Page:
A key area of medical care for children is the active monitoring of children’s health and the implementation of comprehensive preventive measures. The medical needs of children with disabilities should be taken into account. These actions require the involvement of a large number of medical workers, and, accordingly, funds and medical insurance. Not every family can pay for expensive treatment, especially if measures must be taken promptly. The purpose of this work is to determine the degree of parents’ responsibility in the framework of medical support for children.
The degree of responsibility of parents who want to protect or cure their child, unfortunately, directly depends on the level of income in the family. In this sense, commercial and private charitable foundations assist children with serious illnesses. Researchers note that it is impossible to say with confidence that parents deliberately refuse to help children (Bridge, 2019). People with limited incomes are trying to save on everything: education, food, clothing, and health.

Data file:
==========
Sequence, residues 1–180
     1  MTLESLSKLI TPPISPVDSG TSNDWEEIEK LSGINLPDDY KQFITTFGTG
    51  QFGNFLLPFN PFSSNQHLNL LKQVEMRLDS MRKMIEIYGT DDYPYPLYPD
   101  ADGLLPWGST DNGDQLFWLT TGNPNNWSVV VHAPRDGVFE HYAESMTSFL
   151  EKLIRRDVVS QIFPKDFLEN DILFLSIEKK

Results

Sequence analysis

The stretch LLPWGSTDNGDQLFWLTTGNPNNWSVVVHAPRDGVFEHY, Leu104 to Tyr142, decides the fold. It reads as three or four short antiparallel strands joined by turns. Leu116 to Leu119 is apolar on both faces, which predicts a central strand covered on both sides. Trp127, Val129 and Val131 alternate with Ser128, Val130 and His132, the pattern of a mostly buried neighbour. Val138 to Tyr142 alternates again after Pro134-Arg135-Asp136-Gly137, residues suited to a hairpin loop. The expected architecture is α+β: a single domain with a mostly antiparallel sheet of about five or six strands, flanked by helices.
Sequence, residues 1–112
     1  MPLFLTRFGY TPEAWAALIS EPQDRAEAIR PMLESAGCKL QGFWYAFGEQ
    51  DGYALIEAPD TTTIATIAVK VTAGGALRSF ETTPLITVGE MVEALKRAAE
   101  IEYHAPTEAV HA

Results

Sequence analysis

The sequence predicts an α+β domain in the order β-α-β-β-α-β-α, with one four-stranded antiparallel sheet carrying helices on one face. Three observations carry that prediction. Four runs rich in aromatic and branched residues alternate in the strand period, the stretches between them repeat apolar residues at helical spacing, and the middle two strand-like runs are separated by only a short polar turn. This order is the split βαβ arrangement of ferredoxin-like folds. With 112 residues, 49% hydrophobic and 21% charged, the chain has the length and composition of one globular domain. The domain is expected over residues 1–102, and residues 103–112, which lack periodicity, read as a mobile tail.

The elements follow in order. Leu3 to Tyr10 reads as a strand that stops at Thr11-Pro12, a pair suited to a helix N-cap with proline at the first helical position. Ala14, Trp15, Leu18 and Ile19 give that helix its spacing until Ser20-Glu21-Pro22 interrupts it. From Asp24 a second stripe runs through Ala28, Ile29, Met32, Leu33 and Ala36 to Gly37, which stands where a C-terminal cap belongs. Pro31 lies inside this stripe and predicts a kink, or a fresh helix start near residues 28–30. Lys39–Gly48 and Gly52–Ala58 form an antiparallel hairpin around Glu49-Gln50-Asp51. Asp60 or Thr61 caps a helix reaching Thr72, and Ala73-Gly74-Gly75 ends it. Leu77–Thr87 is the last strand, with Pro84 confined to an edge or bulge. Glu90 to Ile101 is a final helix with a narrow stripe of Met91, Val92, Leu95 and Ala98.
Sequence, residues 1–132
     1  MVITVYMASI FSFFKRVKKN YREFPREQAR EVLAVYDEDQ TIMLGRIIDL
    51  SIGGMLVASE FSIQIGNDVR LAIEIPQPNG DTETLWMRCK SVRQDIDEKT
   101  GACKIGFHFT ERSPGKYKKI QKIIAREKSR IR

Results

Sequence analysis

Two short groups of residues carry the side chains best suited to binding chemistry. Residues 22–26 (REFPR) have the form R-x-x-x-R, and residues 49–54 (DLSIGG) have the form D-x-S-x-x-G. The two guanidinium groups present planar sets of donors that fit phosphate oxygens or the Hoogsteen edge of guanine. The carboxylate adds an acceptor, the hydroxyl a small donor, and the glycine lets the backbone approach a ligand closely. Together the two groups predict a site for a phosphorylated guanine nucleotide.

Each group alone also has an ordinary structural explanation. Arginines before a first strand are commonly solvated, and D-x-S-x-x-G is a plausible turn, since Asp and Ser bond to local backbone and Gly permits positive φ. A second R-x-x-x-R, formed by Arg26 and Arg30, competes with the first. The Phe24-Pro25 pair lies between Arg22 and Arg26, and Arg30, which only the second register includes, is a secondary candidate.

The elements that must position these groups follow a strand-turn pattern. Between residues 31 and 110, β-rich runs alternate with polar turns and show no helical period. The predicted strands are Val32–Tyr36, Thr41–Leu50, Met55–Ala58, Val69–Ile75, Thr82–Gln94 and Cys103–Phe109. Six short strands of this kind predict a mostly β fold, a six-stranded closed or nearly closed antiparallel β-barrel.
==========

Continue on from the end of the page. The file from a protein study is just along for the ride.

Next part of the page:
According to Cohodes, Grossman, Kleiner, and Lovenheim (2016), the only exceptions are those cases when the mother or father consciously denies the apparent problem related to the health of their children. However, this is a question of a psychological or psychiatric nature.
The role of a family with a child with disabilities is growing immeasurably. Parents can and should become an active subject of influence on the corrective, medical, and educational components throughout the entire period of care for sick children. Programs should appear that focus on the introduction of modern technologies for interaction with families having a “special” child. A family bringing up a child with disabilities requires individual support provided by highly qualified specialists.
Bridge, G. (2019). Parents as care managers: The experiences of those caring for young children with cerebral palsy. New York, NY: Routledge.
Cohodes, S. R., Grossman, D. S., Kleiner, S. A., & Lovenheim, M. F. (2016). The effect of child health insurance access on schooling: Evidence from public insurance expansions. Journal of Human Resources, 51(3), 727-759.